You’ve Been Fired! Four Things to Do Now!

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So you’ve just been notified that your position is being eliminated. The company is going in a different direction. The company is undertaking a reduction in force. No matter what they call it, you’re out of a job. Here are four things to do right now.

First, Don’t Take It Personally.

There is no getting around the fact that it hurts. You may even be in shock. You’re confused and scared about the future. You don’t have much money saved up, and you’re worried. You must get control of your feelings and stay focused on moving on to your next opportunity. Yes, opportunity. Regardless of how you feel right now, this is the beginning of a brand new chapter in your life that promises better days to come, but only if you keep your wits about you, make a plan and move forward professionally.

You cannot take this personally. There is nothing wrong with the Radio business. There is plenty wrong with the way some of the big companies are trying to run the Radio business. Don’t let their problems shape your personal image of yourself. Now is the time to be clear-headed in your self-assessment. You are a good person and you have a lot of good to offer your next employer. It is my opinion that the work ethic required in most radio stations today far exceeds the work ethic needed to be successful in other fields of endeavor. So you know how to work and you know how to work hard. Put that down as your first and most valuable asset. You can do just about anything anyone asks of you.

I’ve been fired before, several times to be sure. Every time I was let go from one position, I ended up in a much better position that led to better opportunities and more money. I have never moved backward in my career path despite having been fired from the previous position.

Second, Buy a Copy of What Color Is Your Parachute.

In the 1980s, I came off a series of very successful business ventures. I had built two media companies from scratch and sold them for large profits.  These were family-based companies and with corporate media and consolidation on the horizon, I wanted to find a place in corporate Radio. At the time I had no idea what corporate Radio would turn into. For many prospective employers, I was perceived as too entrepreneurial. They were afraid I wouldn’t fit in working for a “boss” since I had been running my own show for ten years. It was quite frustrating.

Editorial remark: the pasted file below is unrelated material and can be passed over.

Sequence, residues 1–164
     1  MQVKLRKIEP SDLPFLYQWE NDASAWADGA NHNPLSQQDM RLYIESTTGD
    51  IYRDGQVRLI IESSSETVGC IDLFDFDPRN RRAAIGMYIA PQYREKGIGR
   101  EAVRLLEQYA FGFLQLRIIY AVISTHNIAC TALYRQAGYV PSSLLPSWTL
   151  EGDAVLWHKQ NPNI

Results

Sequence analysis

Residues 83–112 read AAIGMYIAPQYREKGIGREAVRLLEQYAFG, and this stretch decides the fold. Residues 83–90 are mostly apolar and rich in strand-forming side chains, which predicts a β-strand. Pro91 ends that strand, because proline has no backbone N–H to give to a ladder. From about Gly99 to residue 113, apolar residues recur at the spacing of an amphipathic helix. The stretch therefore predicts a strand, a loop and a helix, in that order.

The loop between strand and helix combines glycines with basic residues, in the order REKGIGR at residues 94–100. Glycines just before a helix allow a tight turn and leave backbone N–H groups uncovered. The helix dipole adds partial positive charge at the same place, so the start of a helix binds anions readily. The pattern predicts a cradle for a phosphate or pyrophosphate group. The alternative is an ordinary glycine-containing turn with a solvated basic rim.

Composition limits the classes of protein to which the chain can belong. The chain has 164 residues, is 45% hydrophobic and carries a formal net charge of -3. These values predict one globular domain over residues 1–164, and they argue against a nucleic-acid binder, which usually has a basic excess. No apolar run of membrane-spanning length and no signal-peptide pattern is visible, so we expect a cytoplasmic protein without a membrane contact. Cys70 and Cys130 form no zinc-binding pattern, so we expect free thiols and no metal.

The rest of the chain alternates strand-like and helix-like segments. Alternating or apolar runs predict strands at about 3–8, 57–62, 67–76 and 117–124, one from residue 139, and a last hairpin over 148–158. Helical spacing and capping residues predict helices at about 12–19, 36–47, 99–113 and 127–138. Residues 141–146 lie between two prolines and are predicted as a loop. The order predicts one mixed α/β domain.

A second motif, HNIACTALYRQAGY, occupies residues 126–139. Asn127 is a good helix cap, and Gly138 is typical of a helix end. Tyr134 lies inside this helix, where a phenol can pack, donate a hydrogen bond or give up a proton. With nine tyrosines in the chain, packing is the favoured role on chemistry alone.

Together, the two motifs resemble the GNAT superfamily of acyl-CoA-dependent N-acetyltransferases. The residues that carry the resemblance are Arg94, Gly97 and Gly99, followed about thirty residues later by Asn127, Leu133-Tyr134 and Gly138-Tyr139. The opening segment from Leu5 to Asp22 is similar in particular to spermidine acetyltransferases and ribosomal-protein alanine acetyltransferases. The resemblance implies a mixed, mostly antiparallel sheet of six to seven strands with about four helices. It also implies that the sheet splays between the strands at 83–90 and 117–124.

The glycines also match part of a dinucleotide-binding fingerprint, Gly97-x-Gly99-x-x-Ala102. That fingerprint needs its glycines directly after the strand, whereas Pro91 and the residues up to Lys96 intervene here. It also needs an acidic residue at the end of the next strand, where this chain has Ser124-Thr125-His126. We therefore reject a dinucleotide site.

But then my mother introduced me to a book called What Color is Your Parachute and it completely and thoroughly changed my life forever. The book is advertised as a practical manual for job-hunters and career-changers. But I feel it can do so much more for you. The book has become such a success that it has been republished year after year to keep up with the changing job market. The book has even spawned versions for teenagers, college students, and retirees.

Before you do anything else, order your copy right now.

After being let go, it is only natural to question your value, your self-worth. Stop that right now. You are more valuable than you know and What Color is Your Parachute will help you recognize your true value and help you repackage yourself to be the most desirable new hire any company would want to hire.

I can tell you that the book changed my life for the better. No question about it. Buy a copy right now.[/vc_column_text][/vc_column][/vc_row]

Third, Don’t Think of Yourself Only as a Broadcaster.

If you have been in Radio for any length of time, you have developed the skill of public speaking. You can go before a crowd, stand and deliver. This one skill qualifies you for so many other things besides just a Radio job. You are probably more courageous than you give yourself credit. There is life after a career in the Radio business.

My good friend John Speer in Wichita Kansas spent his whole life in Radio. When the end of his Radio career arrived, he became a school teacher and even the mayor of Kechi Kansas! He told me recently he has never been happier. Who would have thought? I know many fine people who left the Radio business only to go on to a second and more rewarding career.

Another friend and coworker left Radio and started a home health care agency. He recently told me the billings from his agency rival those of a radio cluster in a small to medium-sized market. He’s doing quite well thank you very much.

After 30+ years in Radio, another friend went back to the insurance business, essentially starting over from scratch, only to build up his agency into a substantial business. He recently sold his agency for a nice profit and now is happily retired doing some part-time event bookings on the side.

Fourth, If You Want to Stay In Radio, Reinvent Yourself.

I believe there is still ample opportunity in the Radio Business but only if you reinvent yourself. Get a copy of What Color Is Your Parachute. It will help you take an inventory of all of your skills. You will have to look at the Radio business through a new paradigm. You might have to learn to do some things differently. But if you can shake away the old way of looking at the Radio business, you may find that it is actually quite fun and easier than before.

Some of my older friends with 40 years or more in the Radio business have come to enjoy using the computer to produce their shows. They tell me that they wished they had computers back in the day. They love the convenience and the extra time to produce vignettes and special segments.

If you were a victim of the recent events at iHeart or any other reduction in force, it is not your fault. It does not represent who you are as a person or what you can offer your next employer.

Let me know if I can help.

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Spike SanteeYou’ve Been Fired! Four Things to Do Now!

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